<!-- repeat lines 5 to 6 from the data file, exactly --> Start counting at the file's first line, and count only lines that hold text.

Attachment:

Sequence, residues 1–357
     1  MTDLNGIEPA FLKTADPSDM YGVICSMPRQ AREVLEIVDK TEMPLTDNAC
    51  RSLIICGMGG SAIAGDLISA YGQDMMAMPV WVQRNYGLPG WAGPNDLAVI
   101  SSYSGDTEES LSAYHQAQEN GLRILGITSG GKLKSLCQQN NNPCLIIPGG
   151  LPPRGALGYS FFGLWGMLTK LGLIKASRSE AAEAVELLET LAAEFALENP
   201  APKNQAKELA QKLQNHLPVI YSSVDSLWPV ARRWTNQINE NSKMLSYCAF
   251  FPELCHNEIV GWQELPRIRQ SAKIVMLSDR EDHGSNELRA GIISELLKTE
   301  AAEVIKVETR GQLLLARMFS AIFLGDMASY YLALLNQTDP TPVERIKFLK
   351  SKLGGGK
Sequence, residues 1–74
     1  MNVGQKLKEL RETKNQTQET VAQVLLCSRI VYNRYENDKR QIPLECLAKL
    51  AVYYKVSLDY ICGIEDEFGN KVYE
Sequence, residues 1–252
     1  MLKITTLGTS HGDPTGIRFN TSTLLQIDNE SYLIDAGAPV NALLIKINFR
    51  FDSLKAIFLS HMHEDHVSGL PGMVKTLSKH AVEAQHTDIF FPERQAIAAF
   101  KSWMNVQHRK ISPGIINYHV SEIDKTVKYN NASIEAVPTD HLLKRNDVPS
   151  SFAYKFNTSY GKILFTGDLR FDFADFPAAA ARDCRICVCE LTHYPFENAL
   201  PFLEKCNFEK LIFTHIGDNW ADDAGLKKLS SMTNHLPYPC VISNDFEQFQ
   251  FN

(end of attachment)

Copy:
   151  LPPRGALGYS FFGLWGMLTK LGLIKASRSE AAEAVELLET LAAEFALENP
   201  APKNQAKELA QKLQNHLPVI YSSVDSLWPV ARRWTNQINE NSKMLSYCAF